• The Sommerfeld ground-wave limit for a molecule adsorbed at a surface
    • Authors: Chen, L; Lau, J. A, Schwarzer, D, Meyer, J, Verma, V. B, Wodtke, A. M.
      Pages: 158 - 161
      Abstract: Using a mid-infrared emission spectrometer based on a superconducting nanowire single-photon detector, we observed the dynamics of vibrational energy pooling of carbon monoxide (CO) adsorbed at the surface of a sodium chloride (NaCl) crystal. After exciting a majority of the CO molecules to their first vibrationally excited state (v = 1), we observed infrared emission from states up to v = 27. Kinetic Monte Carlo simulations showed that vibrational energy collects in a few CO molecules at the expense of those up to eight lattice sites away by selective excitation of NaCl’s transverse phonons. The vibrating CO molecules behave like classical oscillating dipoles, losing their energy to NaCl lattice vibrations via the electromagnetic near-field. This is analogous to Sommerfeld’s description of radio transmission along Earth’s surface by ground waves.
      Keywords: Physics
      PubDate: 2019-01-10T10:37:41-08:00
      DOI: 10.1126/science.aav4278
      Issue No: Vol. 363, No. 6423 (2019)
       
  • Nematic-to-columnar mesophase transition by in situ supramolecular
           polymerization
    • Authors: Yano, K; Itoh, Y, Araoka, F, Watanabe, G, Hikima, T, Aida, T.
      Pages: 161 - 165
      Abstract: Disk- and rod-shaped molecules are incompatible in coassembly, as the former tend to stack one-dimensionally whereas the latter tend to align in parallel. Because this type of incompatibility can be more pronounced in condensed phases, different-shaped molecules generally exclude one another. We report that supramolecular polymerization of a disk-shaped chiral monomer in nematic liquid crystals comprising rod-shaped molecules results in order-increasing mesophase transition into a single mesophase with a core-shell columnar geometry. This liquid crystalline material responds quickly to an applied electric field, resulting in unidirectional columnar ordering. Moreover, it can be modularly customized to be optoelectrically responsive simply by using a photoisomerizable rod-shaped module. The modular strategy allows for cooperative integration of different functions into elaborate dynamic architectures.
      Keywords: Chemistry, Materials Science
      PubDate: 2019-01-10T10:37:41-08:00
      DOI: 10.1126/science.aan1019
      Issue No: Vol. 363, No. 6423 (2019)
       
  • Problem-solving males become more attractive to female budgerigars
    • Authors: Chen, J; Zou, Y, Sun, Y.-H, ten Cate, C.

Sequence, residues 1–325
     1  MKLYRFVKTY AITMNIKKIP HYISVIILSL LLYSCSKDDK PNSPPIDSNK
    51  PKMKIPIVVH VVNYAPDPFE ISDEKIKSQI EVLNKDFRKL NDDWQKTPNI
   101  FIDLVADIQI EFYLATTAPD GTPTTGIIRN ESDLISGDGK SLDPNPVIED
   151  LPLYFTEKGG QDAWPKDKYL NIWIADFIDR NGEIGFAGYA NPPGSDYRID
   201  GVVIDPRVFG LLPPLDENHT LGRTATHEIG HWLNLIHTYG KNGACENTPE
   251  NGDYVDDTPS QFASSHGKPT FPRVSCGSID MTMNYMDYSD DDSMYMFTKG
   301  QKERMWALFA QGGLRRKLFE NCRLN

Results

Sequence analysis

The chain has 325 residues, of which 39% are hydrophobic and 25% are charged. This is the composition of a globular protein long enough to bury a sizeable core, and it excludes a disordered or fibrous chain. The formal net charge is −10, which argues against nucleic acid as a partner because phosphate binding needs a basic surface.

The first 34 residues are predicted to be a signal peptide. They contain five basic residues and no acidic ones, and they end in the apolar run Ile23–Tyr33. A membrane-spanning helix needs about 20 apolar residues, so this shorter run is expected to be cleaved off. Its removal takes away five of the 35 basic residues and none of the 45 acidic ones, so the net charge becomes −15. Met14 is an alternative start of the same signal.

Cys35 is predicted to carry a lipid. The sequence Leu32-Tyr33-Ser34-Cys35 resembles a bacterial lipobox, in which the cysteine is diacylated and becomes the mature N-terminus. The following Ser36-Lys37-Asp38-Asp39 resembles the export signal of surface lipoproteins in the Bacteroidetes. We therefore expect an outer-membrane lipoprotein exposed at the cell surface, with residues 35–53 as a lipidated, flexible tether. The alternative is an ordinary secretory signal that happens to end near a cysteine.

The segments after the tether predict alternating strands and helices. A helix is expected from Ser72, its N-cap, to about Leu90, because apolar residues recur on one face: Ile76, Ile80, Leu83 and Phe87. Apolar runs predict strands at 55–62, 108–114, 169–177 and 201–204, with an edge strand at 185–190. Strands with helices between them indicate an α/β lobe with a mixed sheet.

Pages: 166 - 167
      Abstract: Darwin proposed that mate choice might contribute to the evolution of cognitive abilities. An open question is whether observing the cognitive skills of an individual makes it more attractive as a mate. In this study, we demonstrated that initially less-preferred budgerigar males became preferred after females observed that these males, but not the initially preferred ones, were able to solve extractive foraging problems. This preference shift did not occur in control experiments in which females observed males with free access to food or in which females observed female demonstrators solving these extractive foraging problems. Our results suggest that direct observation of problem-solving skills increases male attractiveness and that this could contribute to the evolution of the cognitive abilities underlying such skills.
      Keywords: Ecology, Evolution
      PubDate: 2019-01-10T10:37:41-08:00
      DOI: 10.1126/science.aau8181
      Issue No: Vol. 363, No. 6423 (2019)
       
  • Emergence of preconfigured and plastic time-compressed sequences in early
           postnatal development
    • Authors: Farooq, U; Dragoi, G.
      Pages: 168 - 173
      Abstract: When and how hippocampal neuronal ensembles first organize to support encoding and consolidation of memory episodes, a critical cognitive function of the brain, are unknown. We recorded electrophysiological activity from large ensembles of hippocampal neurons starting on the first day after eye opening as naïve rats navigated linear environments and slept. We found a gradual age-dependent, navigational experience–independent assembly of preconfigured trajectory-like sequences from persistent, location-depicting ensembles during postnatal week 3. Adult-like compressed binding of adjacent locations into trajectories during navigation and their navigational experience–dependent replay during sleep emerged in concert from spontaneous preconfigured sequences only during early postnatal week 4. Our findings reveal ethologically relevant distinct phases in the development of hippocampal preconfigured and experience-dependent sequential patterns thought to be important for episodic memory formation.
      Keywords: Neuroscience
      PubDate: 2019-01-10T10:37:41-08:00
      DOI: 10.1126/science.aav0502
      Issue No: Vol. 363, No. 6423 (2019)
       
  • Termites mitigate the effects of drought in tropical rainforest
    • Authors: Ashton, L. A; Griffiths, H. M, Parr, C. L, Evans, T. A, Didham, R. K, Hasan, F, Teh, Y. A, Tin, H. S, Vairappan, C. S, Eggleton, P.
      Pages: 174 - 177